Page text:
These are people I have met whilst doing the production for Balcony TV London (which I got involved with after seeing an ‘urgently wanted’ sound engineer tweet, next day I was on my way to London with my studio basically packed into the car!), and the people I’ve met doing live sound for a tour, at industry networking events, running sound for festival stages (initially for no fee but it’s great experience), organising events, speaking on panels about music, doing sound engineering for a radio show, being interviewed on radio shows, busking on the street or just generally asking if there was anything I could do to help. You have to think about what you can offer, even if in the beginning it’s just enthusiasm and a helpful approach, and let people know about it.

Go to gigs (especially ones that you are not playing at!) and networking events, and make sure you brush up on your knowledge and the latest news stories if it’s a specialist event. It’s really important to know what you are talking about because people can see through it pretty quickly. Sometimes less is more! And if you are not sure, just ask the other people for their opinion and they are usually happy to offer it. There are a million and seven opportunities out there, you just have to notice them, keeping your eyes and ears open even if it’s just searching online on sites which people like you check out regularly.

I would also recommend that someone starting out hones their craft at open mics, it’s also a great way of meeting other artists at a similar level and you can create a really strong community of like-minded souls who support each other. I’ve been to loads of open mics when I first started out with each new project (I’ve been in bands since I was 10 years old and each new group had to learn ‘stage presence’ and open mics are perfect for this) and have since performed on large stages at festivals. But I went back to basics again with my first open night as a solo artist this week to try out my new pedal board in a live environment, try out my songs and force myself out of my ‘bubble’. To be honest, I was a bit nervous, it was a little local pub but it turned out amazing. They don’t always turn out amazing let’s face it, but they are always useful in one way or another. But for this first one as DIDI, I took two songs I’ve pretty much got nailed in the studio environment but they kept asking for more and so I ended up trying out three other tracks as well and this has really helped me see if they ‘have legs’. Audience reaction is extremely helpful, even if it’s only a few people. And then, as a direct result, the pub (Jolly Waggoner, Ardeley in Hertfordshire) asked me back to open for a great local band, Baron Goodlove next month!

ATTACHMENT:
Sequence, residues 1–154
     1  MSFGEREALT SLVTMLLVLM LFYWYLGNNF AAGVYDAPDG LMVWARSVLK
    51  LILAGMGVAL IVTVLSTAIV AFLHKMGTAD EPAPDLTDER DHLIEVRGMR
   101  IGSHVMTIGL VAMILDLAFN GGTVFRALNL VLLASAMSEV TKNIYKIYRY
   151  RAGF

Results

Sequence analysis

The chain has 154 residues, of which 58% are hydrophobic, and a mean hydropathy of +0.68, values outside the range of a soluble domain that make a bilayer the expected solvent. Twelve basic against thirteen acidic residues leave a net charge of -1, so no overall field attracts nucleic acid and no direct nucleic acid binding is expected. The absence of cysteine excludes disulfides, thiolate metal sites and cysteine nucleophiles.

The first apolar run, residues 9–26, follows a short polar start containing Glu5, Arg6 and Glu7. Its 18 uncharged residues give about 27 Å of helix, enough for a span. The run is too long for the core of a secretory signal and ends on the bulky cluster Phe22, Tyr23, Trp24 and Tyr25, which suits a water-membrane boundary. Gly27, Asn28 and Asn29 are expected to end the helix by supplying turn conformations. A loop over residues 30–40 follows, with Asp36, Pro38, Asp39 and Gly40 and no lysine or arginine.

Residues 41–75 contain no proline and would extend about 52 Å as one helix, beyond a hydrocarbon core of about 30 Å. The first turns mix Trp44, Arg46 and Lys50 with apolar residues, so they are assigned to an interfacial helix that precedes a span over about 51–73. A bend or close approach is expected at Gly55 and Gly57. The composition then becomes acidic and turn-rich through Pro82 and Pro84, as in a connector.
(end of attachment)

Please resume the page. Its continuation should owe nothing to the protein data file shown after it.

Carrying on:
Overall it’s about connecting with people and keeping to your roots, (as corny as it sounds!). You know, your core self and identity. Don’t be tempted to blow with the wind just because that’s the new sound everyone likes, if it’s not you, don’t do it. It won’t come across as genuine. Don’t be afraid to fail because you probably will be caught out a couple of times but there is nothing wrong with that, you just have to keep going, notice your small achievements, respect where you have got to so far and respect how hard the people around you have tried to get where they are.

On the whole, be nice and don’t talk crap about other people behind their back, because trust me, it will come back to haunt you!
Register your songs with PRS and start to earn money every time you play your music live or it gets played on the radio.
And above all, GO FOR IT. Don’t waste any more time. Just make a start and see where it takes you. Enjoy the ride of your lifetime!”

Green is released on November 2nd. Get your copy here.